The Mentor Spotlight series by Project YETI aims to showcase the amazing young Tibetans involved in our YETI Mentorship program and share some of their valuable advice publicly for young Tibetan students. We'll be posting a new Mentor Spotlight every day, so stay tuned!
Sonam Choera is an engineering consultant for Arup in Los Angeles, focusing primarily on the design of large infrastructure projects. He is passionate about the built environment specifically the intersection of economics, infrastructure, and sustainability. He also volunteers as a pro-bono consultant providing strategy services for environmental non-profits throughout L.A. Sonam is a first-generation Tibetan-American and graduated from University of California, Los Angeles with a degree in Civil and Environmental Engineering.
What three words would you use to describe yourself?
Creative, compassionate, [and] hard working.
What is a fun fact about you most people don't know?
I am left handed but golf right handed.
What is your favorite quote?
"Stay foolish. Stay hungry." This simple quote is about how it's okay to not have all the answers and look foolish at times. The more important thing is to stay hungry and remain consistent in your drive towards your ambitions. Also I have a lot of respect for Steve Jobs and his commencement speech from 2005.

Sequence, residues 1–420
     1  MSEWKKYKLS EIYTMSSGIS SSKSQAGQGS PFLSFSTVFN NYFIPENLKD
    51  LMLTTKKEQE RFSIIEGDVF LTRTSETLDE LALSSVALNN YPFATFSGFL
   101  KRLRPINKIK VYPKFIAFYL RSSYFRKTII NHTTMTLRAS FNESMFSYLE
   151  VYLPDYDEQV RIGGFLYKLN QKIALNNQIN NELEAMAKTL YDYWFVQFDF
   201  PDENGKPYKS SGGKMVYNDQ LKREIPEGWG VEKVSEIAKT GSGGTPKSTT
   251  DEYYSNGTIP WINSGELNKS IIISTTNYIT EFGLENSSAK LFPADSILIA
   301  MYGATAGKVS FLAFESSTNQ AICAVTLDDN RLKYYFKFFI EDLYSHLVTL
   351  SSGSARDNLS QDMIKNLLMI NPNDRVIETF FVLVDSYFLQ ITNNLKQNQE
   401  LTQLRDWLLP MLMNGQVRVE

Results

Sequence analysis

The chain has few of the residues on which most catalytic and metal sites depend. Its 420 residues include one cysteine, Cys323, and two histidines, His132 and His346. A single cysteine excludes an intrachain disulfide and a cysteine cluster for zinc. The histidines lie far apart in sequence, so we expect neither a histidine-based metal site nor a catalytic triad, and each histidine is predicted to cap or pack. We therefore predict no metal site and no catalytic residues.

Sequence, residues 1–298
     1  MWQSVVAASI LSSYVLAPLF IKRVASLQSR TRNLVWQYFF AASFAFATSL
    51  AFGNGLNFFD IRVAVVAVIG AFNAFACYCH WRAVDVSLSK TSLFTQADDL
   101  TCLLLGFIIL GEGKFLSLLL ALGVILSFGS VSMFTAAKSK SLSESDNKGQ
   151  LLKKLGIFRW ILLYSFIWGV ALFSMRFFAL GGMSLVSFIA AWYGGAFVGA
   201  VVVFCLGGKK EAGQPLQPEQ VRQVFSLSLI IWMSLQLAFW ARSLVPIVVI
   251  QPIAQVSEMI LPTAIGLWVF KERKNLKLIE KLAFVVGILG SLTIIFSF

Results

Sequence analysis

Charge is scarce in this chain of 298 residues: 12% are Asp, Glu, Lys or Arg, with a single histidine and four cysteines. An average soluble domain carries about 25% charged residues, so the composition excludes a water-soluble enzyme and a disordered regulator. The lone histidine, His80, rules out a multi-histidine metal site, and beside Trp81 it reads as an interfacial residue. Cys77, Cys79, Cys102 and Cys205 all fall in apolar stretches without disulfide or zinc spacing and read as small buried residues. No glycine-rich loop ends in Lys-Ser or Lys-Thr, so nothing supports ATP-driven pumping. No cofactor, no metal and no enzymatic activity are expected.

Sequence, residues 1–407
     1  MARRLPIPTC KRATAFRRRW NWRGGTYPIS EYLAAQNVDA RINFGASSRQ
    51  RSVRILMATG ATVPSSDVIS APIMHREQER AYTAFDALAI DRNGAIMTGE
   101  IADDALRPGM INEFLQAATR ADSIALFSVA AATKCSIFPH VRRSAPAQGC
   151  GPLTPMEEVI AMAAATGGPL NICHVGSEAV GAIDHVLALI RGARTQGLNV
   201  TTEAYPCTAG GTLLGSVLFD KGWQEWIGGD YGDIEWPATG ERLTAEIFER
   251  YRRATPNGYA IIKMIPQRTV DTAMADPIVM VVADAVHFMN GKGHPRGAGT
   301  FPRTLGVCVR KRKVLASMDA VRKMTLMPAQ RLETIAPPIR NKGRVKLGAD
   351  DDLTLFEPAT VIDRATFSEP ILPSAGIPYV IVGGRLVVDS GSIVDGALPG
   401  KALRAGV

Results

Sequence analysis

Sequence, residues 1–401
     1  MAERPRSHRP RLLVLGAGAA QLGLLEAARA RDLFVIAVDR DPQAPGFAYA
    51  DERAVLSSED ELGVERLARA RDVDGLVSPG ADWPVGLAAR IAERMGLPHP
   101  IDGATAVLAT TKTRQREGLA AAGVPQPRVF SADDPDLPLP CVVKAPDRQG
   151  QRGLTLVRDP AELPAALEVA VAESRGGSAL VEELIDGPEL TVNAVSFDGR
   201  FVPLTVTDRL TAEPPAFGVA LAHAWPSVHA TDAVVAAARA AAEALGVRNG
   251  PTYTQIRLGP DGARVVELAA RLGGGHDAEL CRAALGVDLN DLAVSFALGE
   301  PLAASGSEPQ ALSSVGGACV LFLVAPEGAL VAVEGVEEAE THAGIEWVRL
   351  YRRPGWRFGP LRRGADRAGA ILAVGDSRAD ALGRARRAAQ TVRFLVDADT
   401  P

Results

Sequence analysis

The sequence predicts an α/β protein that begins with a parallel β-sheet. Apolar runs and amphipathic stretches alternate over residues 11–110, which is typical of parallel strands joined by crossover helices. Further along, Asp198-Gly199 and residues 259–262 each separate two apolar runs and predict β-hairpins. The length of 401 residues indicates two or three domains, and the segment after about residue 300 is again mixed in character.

What motivates you to be successful/achieve?
I am not motivated specifically by any one thing to be successful. I think a lot of elements help me achieve my goals. For example, competition is a big part of it, but so is wanting to be unique, making my family proud, setting a good example for future generations, and trying to improve things I see wrong with the world.
If you could offer one piece of advice to Tibetan students in their college application process, what would it be?
Speak about being Tibetan, our story, and upbringing. It’s a very unique element that many other students will not have and will definitely make you stand out. Visit the universities you apply for and do lots of research, you will be spending the next four years there. Also attending college tours and informational seminars will give you an edge in your application because it shows that you put in effort on your part. Junior college and community colleges can be a smart decision as well so if your grades are not very strong, you can spend two years there and transfer to a four year university and still get very good careers.
If you could offer one piece of advice to Tibetan students entering the college experience, what would it be?
Get outside your comfort zone. College is your introduction to the wider world, you have so many people around you from all over the world with very diverse background. Be confident in yourself and try to learn as much as you can. Push your boundaries, challenge your views, defend your opinions, and build relationships. But also keep your grades up and resume in strong shape, you still need a job when you graduate.